Lindsey Freysinger RN, MSN: On SCI and Neuropathy


While there are MANY secondary conditions related to SCI, I wanted to highlight a few of the most common and the ones I have experienced with my own injury. These secondary conditions can often be more frustrating than the paralysis itself. Over the course of the next few blog posts, I’ll be highlighting some of these secondary conditions.

Neurogenic pain occurs when there is a disruption in the transmission of nerve signals from the body to the brain and can manifest itself into the sensation of pain. This type of pain exists below the injury site and can be experienced by both incomplete SCI and complete SCI. Even for those who have little to no feeling due to their SCI, they still may feel this type of pain!

Imagine you’ve gone out in the cold and your fingers and toes are so cold they feel numb. You run them under warm water to get the blood circulating. When you’re warming up you feel intense “pins and needles” or a “burning” sensation.

Imagine a time when your leg or arm has “fallen asleep” because you crossed your legs too long, slept on your arm, etc. as your limb is waking up you feel intense “pins and needles” or “burning” sensation.

For many of us with SCI this “pins and needle” or “burning” sensation is everywhere, or in select areas of our body below the level of injury. It doesn’t go away, we live with it 24/7. It can range from annoying all the way up to severe. Certain activities, temperatures, infections, etc… can cause it to become much worse!

Medications exist to dull the sensation, but there are side effects: Brain fog, dizziness, fatigue, short-term memory loss, inability to focus, and dry mouth, just to name a few. While medication can be helpful, it doesn’t completely eliminate the pain. We learn to live with it, but at times it can take over and keep us in bed all day.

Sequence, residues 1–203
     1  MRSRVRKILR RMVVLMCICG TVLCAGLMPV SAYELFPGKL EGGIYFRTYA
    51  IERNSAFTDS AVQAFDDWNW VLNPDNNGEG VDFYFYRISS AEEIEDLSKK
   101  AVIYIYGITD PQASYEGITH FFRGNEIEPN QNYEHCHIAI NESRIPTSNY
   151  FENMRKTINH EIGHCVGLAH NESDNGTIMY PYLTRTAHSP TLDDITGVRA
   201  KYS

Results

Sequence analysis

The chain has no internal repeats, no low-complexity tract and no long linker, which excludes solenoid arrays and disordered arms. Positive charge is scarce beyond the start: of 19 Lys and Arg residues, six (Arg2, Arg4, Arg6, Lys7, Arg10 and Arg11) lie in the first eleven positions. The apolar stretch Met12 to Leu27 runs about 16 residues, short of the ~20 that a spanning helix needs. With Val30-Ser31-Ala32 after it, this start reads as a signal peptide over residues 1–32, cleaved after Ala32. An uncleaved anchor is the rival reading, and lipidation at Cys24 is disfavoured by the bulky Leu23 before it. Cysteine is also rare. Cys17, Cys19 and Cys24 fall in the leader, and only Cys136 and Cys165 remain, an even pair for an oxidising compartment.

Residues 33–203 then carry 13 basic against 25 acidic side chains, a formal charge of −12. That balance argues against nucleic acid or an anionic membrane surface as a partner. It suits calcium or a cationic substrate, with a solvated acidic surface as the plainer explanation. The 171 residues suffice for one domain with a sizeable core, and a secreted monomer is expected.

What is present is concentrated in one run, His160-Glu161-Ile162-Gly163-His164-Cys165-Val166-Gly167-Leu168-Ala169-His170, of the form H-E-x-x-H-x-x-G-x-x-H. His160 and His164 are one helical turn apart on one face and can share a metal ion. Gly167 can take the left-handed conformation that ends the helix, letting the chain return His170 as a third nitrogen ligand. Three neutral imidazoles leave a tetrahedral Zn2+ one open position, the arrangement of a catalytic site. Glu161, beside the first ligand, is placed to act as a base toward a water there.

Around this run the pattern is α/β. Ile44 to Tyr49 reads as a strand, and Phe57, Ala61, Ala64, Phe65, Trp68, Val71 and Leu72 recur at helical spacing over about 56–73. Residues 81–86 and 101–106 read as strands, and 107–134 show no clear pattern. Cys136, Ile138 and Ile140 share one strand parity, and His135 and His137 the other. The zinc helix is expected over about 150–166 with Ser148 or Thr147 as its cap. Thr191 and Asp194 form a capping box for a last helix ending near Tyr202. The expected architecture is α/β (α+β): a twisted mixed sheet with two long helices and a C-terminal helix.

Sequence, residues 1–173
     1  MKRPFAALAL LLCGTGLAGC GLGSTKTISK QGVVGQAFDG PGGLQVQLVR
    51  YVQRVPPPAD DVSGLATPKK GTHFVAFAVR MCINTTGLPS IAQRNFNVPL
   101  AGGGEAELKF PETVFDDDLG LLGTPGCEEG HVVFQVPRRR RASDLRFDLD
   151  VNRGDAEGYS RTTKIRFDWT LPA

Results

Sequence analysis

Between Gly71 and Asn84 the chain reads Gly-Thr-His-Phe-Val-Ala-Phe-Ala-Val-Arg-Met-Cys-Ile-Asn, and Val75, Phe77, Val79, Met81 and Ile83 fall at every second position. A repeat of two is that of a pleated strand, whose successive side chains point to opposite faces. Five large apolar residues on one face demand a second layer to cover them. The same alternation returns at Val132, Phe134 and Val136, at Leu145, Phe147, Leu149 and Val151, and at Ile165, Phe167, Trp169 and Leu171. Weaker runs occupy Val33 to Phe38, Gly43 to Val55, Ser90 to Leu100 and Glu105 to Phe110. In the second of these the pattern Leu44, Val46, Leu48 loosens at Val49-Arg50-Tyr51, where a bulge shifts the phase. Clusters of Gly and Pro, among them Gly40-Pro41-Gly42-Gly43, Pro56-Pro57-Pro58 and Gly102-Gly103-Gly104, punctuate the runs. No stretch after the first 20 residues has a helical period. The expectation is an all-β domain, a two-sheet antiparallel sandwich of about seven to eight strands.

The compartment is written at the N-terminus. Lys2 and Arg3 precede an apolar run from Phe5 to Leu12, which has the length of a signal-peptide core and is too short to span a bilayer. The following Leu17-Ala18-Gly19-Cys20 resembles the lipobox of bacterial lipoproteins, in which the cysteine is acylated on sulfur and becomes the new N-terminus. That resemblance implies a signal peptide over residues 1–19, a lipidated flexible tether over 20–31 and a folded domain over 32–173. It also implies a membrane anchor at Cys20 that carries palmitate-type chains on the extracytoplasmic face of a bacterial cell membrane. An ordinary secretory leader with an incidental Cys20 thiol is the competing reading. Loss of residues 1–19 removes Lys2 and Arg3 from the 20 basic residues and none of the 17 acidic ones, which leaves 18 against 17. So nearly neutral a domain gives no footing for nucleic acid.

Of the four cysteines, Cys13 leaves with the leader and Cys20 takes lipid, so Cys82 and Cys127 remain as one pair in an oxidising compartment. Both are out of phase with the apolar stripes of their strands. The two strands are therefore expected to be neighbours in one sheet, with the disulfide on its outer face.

My C5 incomplete injury causes severe neuropathy from just under my shoulders down. It is worse when I am tired, have an infection, get too hot, or am stressed. I take Neurontin to dull the pain, but it never goes away.

I want to stress to all the readers that this is NOT a “poor me, pity me” post. This is meant to bring awareness to the many other things people with SCI deal with on top of paralysis or partial paralysis. Even those of us that can stand up or walk with or without assistance have to deal with these somewhat invisible secondary conditions on a day-to-day basis.

Illustration By Amanda Russell

Lindsey looking left with blonde hair
Lindsey Freysinger

In 2013 I was in a car accident resulting in an incomplete C5/6 SCI. I recently received my Master’s degree in nursing from University of Michigan and am working on my Doctorate in nursing practice. I’m passionate about changing healthcare for people with disabilities using education and awareness. I live in Oregon with my husband and 3 dogs. We participate in activities like skiing, kayaking, biking & ATV’s! Every summer we explore the country in an adaptive RV.

Instagram: @therealquadzilla215

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